Google Scholar 

  28. Gebre D, Mimano LN. Prevalence of smear positive pulmonary tuberculosis among patients attending Seka health center, Jimma, Oromia region, Ethiopia. East Afr J Public Heal. 2010;3(7):268–73.

    Article  Google Scholar 

  29. Yohanes A, Abera S, Ali S. Smear positive pulmonary tuberculosis among suspected patients attending metehara sugar factory hospital; eastern Ethiopia. Afr Health Sci. 2012;12(3):325–30.

    Article  CAS  PubMed  PubMed Central  Google Scholar 

  30. Azuonwu O, Ihua N, Kpomasiruchi W. Molecular detection of mycobacterium tuberculosis (MTB) and rifampicin resistant strain among subjects accessing health care at the Federal Medical Centre, Yenegoa, Bayelsa state; Nigeria. iMedPub J. 2017;08(03):1–7.

    Google Scholar 

  31. Sharma S, Madan M, Agrawal C, Asthana A. Genotype MTBDR plus assay for molecular detection of Rifampicin and isoniazid resistance in Mycobacterium tuberculosis. Indian J Pathol Microbiol. 2014;57(3):423.

    PubMed  Google Scholar 

  32. Mitku AA, Dessie ZG, Muluneh EK, Workie DL. Prevalence and associated factors of TB/HIV co-infection among HIV infected patients in Amhara region, Ethiopia. Afr Health Sci. 2016;16(2):588–95.

    PubMed  PubMed Central  Google Scholar 

  33. Ali SA, Mavundla TR, Fantu R, et al. Outcomes of TB treatment in HIV co-infected TB patients in Ethiopia: a cross-sectional analytic study. BMC Infect Dis. 2016;16:640.

  34. Gyar SD, Dauda E, Reuben CR. Prevalence of tuberculosis in HIV/AIDS patients in Lafia, Central Nigeria. IntJ Curr Microbiol AppSci. 2014;3(6):831–8 Avalaible on

    Google Scholar 

  35. Ahmed A, Mekonnen D, Shiferaw AM, et al. Incidence and determinants of tuberculosis infection among adult patients with HIV attending HIV care in north-East Ethiopia: a retrospective cohort study. BMJ Open. 2018;8:e016961.

    Article  PubMed  PubMed Central  Google Scholar 

  36. Mohammed S, Gebremariam TT. Tuberculosis among HIV-positive patients at Butajira hospital, south-Central Ethiopia. Int J Pharmacol Sci Res. 2015;6(12):1406–11.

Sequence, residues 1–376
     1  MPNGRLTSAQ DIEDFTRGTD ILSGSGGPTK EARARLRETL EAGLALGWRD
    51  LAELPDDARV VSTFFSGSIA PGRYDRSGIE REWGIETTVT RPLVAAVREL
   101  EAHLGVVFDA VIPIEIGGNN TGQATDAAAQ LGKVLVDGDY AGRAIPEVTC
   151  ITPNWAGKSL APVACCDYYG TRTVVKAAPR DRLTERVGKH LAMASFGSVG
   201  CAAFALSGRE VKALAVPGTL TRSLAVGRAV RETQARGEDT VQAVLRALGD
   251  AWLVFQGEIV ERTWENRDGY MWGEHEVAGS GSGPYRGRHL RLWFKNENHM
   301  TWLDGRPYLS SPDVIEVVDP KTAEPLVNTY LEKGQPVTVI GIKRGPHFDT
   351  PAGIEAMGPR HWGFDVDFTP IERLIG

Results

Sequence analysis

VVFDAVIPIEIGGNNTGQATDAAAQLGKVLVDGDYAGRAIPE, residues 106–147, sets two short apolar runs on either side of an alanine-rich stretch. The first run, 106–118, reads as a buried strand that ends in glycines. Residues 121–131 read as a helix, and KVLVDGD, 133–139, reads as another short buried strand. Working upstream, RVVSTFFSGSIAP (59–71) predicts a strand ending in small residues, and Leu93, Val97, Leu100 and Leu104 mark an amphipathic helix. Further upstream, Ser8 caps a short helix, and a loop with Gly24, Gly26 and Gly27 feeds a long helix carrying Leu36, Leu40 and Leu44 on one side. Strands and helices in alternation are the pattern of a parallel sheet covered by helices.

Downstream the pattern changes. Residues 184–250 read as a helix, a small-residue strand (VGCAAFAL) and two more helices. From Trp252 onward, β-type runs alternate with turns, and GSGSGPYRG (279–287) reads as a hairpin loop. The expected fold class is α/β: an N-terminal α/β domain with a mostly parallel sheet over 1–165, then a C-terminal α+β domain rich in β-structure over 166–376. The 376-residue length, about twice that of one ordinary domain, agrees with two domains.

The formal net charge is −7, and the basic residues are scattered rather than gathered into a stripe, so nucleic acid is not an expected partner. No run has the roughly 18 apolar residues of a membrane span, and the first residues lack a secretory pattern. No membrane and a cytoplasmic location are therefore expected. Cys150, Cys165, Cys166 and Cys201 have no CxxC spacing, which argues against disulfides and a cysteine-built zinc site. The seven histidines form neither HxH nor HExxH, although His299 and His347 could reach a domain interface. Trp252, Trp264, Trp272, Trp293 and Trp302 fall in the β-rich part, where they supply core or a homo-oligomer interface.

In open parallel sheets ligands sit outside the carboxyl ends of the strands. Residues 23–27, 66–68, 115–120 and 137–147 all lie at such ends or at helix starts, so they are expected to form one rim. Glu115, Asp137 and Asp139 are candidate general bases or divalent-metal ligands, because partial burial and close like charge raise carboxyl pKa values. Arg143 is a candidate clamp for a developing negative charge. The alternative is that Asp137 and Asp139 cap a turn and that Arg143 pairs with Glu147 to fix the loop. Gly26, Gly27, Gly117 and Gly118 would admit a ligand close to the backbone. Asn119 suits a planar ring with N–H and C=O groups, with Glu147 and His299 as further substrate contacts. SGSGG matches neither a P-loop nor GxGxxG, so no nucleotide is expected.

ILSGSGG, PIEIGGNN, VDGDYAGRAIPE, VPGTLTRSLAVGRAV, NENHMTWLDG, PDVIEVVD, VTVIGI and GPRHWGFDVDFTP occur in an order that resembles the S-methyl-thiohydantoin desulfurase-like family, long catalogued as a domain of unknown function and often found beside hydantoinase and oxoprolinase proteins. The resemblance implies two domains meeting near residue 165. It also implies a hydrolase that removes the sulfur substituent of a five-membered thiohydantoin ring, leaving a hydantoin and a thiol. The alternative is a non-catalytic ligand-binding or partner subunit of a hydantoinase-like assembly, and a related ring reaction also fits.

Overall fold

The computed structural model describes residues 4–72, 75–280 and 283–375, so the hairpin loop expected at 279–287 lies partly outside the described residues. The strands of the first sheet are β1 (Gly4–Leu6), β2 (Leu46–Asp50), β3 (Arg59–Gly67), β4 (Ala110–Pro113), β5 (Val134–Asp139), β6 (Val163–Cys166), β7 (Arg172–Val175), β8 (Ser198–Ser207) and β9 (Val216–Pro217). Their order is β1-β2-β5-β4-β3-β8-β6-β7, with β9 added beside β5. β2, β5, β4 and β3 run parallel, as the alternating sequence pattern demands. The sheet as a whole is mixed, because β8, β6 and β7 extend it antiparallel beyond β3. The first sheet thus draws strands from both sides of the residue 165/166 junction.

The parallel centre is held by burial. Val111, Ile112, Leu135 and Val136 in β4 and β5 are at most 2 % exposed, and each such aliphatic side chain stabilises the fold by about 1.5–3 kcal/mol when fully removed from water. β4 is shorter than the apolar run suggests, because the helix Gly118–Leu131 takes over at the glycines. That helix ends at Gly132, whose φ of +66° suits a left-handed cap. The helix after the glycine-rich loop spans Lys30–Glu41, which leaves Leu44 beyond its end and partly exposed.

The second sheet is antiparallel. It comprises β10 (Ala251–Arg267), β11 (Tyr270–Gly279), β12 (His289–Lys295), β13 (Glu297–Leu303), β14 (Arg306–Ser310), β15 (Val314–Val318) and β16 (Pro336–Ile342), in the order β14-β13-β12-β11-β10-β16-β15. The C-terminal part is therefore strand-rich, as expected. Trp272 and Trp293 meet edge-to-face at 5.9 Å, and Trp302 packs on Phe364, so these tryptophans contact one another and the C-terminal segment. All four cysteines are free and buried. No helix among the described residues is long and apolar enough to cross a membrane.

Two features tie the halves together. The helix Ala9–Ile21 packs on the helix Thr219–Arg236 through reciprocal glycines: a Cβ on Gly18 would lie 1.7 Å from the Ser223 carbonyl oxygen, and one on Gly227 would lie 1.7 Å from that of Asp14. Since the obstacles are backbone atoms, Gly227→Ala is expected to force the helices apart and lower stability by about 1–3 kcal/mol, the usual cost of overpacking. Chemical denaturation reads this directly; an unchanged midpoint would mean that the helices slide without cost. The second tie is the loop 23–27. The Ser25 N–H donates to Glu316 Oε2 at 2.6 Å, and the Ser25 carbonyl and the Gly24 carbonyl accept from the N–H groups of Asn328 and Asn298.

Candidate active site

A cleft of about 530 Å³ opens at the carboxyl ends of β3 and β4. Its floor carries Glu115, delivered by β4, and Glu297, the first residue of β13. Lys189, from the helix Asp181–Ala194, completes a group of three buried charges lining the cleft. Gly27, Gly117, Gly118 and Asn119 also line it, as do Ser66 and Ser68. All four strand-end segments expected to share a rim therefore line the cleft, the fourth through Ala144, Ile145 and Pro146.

Google Scholar 

  37. Tarekegne D, Jemal M, Atanaw T, et al. Prevalence of human immunodeficiency virus infection in a cohort of tuberculosis patients at Metema Hospital, Northwest Ethiopia: a 3 years retrospective study. BMC Res Notes. 2016;9:192.

  38. Worku S, Derbie A, Mekonnen D, Biadglegne F. Treatment outcomes of tuberculosis patients under directly observed treatment, short-course at Debre Tabor General Hospital,northwest Ethiopia. Infect Dis Poverty. 2018;7(1):16.

    Article  PubMed  PubMed Central  Google Scholar 

  39. Masenga SK, Mubila H, Hamooya BM. Rifampicin resistance in mycobacterium tuberculosis patients using the GeneXpert at the Livingstone central hospital. BMC Infect Dis. 2017;17(1):1–4.

    Google Scholar 

  40. Coovadia YM, Mahomed S, Pillay M, Werner L, Mlisana K. Rifampicin mono-resistance in mycobacterium tuberculosis in KwaZulu-Natal, South Africa. PLoS One. 2013;8(11):8–12.

    Google Scholar 

  41. Abdella K, Abdissa K, Kebede W, Abebe G. Drug resistance patterns of mycobacterium tuberculosis complex and associated factors among treatment cases around Jimma, Southwest Ethiopia. BMC Public Health. 2015;15(1):1–7.

    Google Scholar 

  42. Ali H, Zeynudin A, Mekonnen A, Abera S, Ali S. Smear Posetive pulmonary tuberculosis (PTB) prevalence amongst patients at Agaro teaching health center, south West Ethiopia. Ethiop J Health Sci. 2012;22(1):71–6.

    PubMed  PubMed Central  Google Scholar 

  43. Makamure B, Mhaka J, Makumbirofa S, Mutetwa R, Mupfumi L, Mason P, et al. Microscopic-observation drug-susceptibility assay for the diagnosis of drug-resistant tuberculosis in Harare Zimbabwe. PLoS One. 2013;8(2):e55872.

    CAS  PubMed  PubMed Central  Google Scholar 

  44. Gupta A, Mathuria JP, Singh SK, Gulati AK, Anupurba S. Antitubercular drug resistance in four health care facilities in North India. J Health Popul Nutr. 2011;29(6):583–92.